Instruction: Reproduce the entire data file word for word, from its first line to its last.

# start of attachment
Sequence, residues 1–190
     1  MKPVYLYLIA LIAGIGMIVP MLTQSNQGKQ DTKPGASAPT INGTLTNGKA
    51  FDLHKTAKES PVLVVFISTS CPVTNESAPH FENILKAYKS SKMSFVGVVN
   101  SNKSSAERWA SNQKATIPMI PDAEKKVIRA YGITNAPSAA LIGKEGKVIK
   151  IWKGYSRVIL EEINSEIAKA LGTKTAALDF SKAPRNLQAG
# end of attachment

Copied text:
Sequence, residues 1–190
     1  MKPVYLYLIA LIAGIGMIVP MLTQSNQGKQ DTKPGASAPT INGTLTNGKA
    51  FDLHKTAKES PVLVVFISTS CPVTNESAPH FENILKAYKS SKMSFVGVVN
   101  SNKSSAERWA SNQKATIPMI PDAEKKVIRA YGITNAPSAA LIGKEGKVIK
   151  IWKGYSRVIL EEINSEIAKA LGTKTAALDF SKAPRNLQAG